In 1984 he moved to Renault and would have won first time out had Niki Lauda not brushed Warwick’s car, damaging the suspension. Thereafter Renault fell into decline and withdrew at the end of 1985, though Warwick typically held the upper hand over team mate Patrick Tambay.
He sat out 1986 until Elio de Angelis’s fatal accident led him to join Riccardo Patrese at Brabham.
The next three seasons at Arrows, partnering Eddie Cheever, bore some fruit and very nearly a race win at Canada in 1989, when he led in the wet before suffering an engine failure. He spent a dismal 1990 with Lotus, surviving a dramatic crash at Monza only to see his team mate and friend Martin Donnelly critically injured at Jerez.
He moved to sports car racing next year but was devastated when his brother Paul was killed in the sixth round of the British Formula 3000 championship at Oulton Park.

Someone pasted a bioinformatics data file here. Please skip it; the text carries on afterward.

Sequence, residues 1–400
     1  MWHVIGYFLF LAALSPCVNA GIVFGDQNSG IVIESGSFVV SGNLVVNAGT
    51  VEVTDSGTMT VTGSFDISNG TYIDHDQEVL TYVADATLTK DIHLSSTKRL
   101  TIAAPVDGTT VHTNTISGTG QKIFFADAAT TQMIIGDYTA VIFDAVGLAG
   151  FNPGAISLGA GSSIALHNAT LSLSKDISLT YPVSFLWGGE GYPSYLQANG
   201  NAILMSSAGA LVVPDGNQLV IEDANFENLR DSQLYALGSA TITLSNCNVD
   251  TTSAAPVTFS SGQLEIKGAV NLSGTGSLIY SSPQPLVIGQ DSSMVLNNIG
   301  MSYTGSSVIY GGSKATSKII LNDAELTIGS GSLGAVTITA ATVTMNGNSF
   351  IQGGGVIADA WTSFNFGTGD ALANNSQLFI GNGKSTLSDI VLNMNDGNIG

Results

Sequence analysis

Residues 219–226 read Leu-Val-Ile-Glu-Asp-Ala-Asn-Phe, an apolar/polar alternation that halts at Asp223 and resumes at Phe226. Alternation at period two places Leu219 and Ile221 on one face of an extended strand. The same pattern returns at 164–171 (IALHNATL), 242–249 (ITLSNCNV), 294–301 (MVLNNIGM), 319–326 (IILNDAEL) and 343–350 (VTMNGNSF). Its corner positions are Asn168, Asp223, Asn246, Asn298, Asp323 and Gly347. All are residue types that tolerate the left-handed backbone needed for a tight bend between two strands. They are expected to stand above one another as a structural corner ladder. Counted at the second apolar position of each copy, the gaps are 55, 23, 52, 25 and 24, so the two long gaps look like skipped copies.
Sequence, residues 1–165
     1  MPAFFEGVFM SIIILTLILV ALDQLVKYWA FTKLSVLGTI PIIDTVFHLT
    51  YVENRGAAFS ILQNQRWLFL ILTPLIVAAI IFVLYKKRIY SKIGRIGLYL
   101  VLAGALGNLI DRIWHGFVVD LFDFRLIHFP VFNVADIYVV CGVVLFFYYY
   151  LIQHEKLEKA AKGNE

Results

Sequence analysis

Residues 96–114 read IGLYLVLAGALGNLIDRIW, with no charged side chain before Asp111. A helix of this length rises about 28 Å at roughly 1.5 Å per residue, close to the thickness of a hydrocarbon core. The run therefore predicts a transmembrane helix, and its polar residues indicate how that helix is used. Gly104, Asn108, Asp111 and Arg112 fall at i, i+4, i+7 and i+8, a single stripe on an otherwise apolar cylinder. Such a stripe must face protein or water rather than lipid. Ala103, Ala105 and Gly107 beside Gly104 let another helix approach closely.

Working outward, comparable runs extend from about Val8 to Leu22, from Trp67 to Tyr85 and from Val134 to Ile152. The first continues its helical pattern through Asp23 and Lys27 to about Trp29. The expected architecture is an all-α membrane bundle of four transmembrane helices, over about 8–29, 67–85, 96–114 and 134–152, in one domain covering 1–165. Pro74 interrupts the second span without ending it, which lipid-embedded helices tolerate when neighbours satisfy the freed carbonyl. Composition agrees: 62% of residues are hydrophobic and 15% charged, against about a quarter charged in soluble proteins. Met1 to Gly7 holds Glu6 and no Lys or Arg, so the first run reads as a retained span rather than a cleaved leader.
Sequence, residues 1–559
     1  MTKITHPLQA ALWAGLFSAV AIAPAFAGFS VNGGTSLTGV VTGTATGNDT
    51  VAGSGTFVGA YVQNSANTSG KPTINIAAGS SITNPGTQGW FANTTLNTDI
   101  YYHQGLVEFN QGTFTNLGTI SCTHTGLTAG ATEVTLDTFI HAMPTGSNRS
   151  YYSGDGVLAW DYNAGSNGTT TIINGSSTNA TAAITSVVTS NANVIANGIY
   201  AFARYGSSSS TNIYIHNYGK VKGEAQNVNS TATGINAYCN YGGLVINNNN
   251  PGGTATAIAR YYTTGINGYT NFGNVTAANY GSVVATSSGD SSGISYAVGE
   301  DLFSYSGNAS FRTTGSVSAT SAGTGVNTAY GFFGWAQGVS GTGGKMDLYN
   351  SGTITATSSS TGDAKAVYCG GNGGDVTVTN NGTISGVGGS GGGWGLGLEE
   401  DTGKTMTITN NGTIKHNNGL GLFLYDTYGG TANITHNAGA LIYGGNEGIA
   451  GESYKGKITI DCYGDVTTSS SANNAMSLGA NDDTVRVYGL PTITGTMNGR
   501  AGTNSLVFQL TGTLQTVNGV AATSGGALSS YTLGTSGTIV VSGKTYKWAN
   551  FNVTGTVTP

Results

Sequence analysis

Warwick bravely chose to keep on racing and a successful 1992 season saw him scoop both the Le Mans 24 Hours and world sportscar championship with Peugeot. In 1993 he returned to F1 with Arrows, since renamed Footwork, and picked up a few points before leaving the sport for good.
After a few seasons in the British Touring Car Championship he signed up for Grand Prix Masters in 2006. He later became one of the FIA’s driver stewards. In August 2011 he was elected president of the British Racing Drivers Club.